The Great Sea: A Human History of the Mediterranean

Front Cover
Oxford University Press, Jun 1, 2011 - Science - 816 pages
4 Reviews
Connecting Europe, Asia, and Africa, the Mediterranean Sea has been for millennia the place where religions, economies, and political systems met, clashed, influenced and absorbed one another. In this brilliant and expansive book, David Abulafia offers a fresh perspective by focusing on the sea itself: its practical importance for transport and sustenance; its dynamic role in the rise and fall of empires; and the remarkable cast of characters-sailors, merchants, migrants, pirates, pilgrims-who have crossed and re-crossed it. Ranging from prehistory to the 21st century, The Great Sea is above all a history of human interaction. Interweaving major political and naval developments with the ebb and flow of trade, Abulafia explores how commercial competition in the Mediterranean created both rivalries and partnerships, with merchants acting as intermediaries between cultures, trading goods that were as exotic on one side of the sea as they were commonplace on the other. He stresses the remarkable ability of Mediterranean cultures to uphold the civilizing ideal of convivencia, "living together." Now available in paperback, The Great Sea is the definitive account of perhaps the most vibrant theater of human interaction in history.
 

What people are saying - Write a review

LibraryThing Review

User Review  - pbjwelch - LibraryThing

Superb, superb, superb. A keeper for the rest of my life, a book I will dip in and out of, I am certain, many many times (have now read cover-to-cover twice) before I lay aside. I am an Asia historian ... Read full review

LibraryThing Review

User Review  - Hae-Yu - LibraryThing

Contains a wealth of information that I did not know. By using the Mediterranean as his focus, swaths of history that are normally in separate silos are brought together much more coherently - such as ... Read full review

Contents

List of Illustrations
System of Transliteration and Dating
Preface
A Sea with Many Names
PART ONE The First Mediterranean 22000 BC1000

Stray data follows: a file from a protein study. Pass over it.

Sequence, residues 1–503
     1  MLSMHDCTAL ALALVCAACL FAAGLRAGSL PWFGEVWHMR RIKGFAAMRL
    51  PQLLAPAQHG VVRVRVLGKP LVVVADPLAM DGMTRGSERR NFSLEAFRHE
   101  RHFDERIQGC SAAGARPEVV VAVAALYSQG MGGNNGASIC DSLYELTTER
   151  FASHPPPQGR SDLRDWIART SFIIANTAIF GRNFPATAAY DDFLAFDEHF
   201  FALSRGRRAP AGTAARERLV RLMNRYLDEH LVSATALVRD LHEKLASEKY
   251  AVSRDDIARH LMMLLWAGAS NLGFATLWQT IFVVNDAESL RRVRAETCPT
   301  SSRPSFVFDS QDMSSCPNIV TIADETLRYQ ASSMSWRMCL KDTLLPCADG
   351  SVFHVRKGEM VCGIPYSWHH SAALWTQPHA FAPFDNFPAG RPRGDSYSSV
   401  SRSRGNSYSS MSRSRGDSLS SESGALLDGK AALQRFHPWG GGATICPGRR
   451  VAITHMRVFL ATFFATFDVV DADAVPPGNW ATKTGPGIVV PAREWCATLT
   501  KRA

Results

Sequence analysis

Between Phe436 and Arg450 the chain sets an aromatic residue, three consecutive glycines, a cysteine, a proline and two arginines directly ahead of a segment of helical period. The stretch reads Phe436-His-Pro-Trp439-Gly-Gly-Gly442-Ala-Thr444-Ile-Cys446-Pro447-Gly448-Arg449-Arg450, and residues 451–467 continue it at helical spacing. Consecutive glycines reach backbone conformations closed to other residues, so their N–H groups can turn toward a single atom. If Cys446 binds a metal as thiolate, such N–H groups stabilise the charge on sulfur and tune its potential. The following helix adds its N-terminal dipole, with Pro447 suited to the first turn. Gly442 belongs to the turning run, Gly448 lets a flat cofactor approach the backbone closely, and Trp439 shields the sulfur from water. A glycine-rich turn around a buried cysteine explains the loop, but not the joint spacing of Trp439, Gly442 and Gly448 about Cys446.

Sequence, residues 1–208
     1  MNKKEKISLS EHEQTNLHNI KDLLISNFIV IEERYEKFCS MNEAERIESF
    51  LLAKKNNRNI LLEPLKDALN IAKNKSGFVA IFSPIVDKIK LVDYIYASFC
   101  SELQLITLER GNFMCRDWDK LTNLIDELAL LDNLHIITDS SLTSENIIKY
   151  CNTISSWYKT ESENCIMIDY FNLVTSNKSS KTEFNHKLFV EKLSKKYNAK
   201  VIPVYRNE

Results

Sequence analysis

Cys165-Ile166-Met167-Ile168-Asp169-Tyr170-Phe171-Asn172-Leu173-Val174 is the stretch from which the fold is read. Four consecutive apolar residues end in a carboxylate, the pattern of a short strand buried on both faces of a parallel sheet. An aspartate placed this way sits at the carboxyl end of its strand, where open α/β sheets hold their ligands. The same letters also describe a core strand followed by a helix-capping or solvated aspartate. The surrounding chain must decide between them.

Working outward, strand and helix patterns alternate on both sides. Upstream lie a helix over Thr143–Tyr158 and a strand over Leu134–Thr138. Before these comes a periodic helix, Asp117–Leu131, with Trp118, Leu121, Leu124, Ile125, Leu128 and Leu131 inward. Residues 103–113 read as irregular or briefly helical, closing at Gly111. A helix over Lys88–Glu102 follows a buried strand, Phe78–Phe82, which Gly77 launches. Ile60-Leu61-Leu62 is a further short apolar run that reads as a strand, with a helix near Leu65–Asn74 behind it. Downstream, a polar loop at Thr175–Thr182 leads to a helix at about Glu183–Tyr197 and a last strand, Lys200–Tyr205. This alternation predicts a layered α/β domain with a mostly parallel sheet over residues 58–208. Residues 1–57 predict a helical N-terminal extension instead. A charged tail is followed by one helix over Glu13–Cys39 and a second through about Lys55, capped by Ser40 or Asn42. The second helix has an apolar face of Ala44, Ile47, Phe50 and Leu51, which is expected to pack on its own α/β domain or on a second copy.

Mediterranean Troughs 600900
lv
Crossing the Boundaries between Christendom and Islam 900
vi
The Profit That God Shall Give 11001200
xi
Ever the Twain Shall Meet 18301900
xlvi
The Greek and the unGreek 18301920
lxi
Ottoman Exit 19001918
lxxi
A Tale of Four and a Half Cities 19001950
diii
Mare Nostrum Again 19181945
viii
The Last Mediterranean 19502010
x
Further Reading
75
Isolation and Insulation 22000 BC3000
1

Ways across the Sea 11601185
xxvi
The Fall and Rise of Empires 11301260
ii
Merchants Mercenaries and Missionaries 12201300
viii
Serrata Closing 12911350
iii
Wouldbe Roman Emperors 13501480
iii
Transformations in the West 13911500
xii
Holy Leagues and Unholy Alliances 15001550
xxix
Akdeniz the Battle for the White Sea 15501571
xliv
Interlopers in the Mediterranean 15711650
lxvi
Diasporas in Despair 15601700
lxxxii
Encouragement to Others 16501780
xcviii
The View through the Russian Prism 17601805
xii
Deys Beys and Bashaws 18001830
xxix
Copper and Bronze 3000 BC1500
1
Merchants and Heroes 1500 BC1250
1
Sea Peoples and Land Peoples 1250 BC1100
1
PART TWO The Second Mediterranean 1000 BCAD 600
1
The Heirs of Odysseus 800 BC550
1
The Triumph of the Tyrrhenians 800 BC400
1
Towards the Garden of the Hesperides 1000 BC400
1
Thalassocracies 550 BC400
1
The Lighthouse of the Mediterranean 350 BC100
1
Carthage Must Be Destroyed 400 BC146
1
Our Sea 146 BCAD 150
1
Old and New Faiths AD 1450
1
Index
29

Other editions - View all

Common terms and phrases

About the author (2011)

David Abulafia is Professor of Mediterranean History at Cambridge University and the author of The Mediterranean in History.

Bibliographic information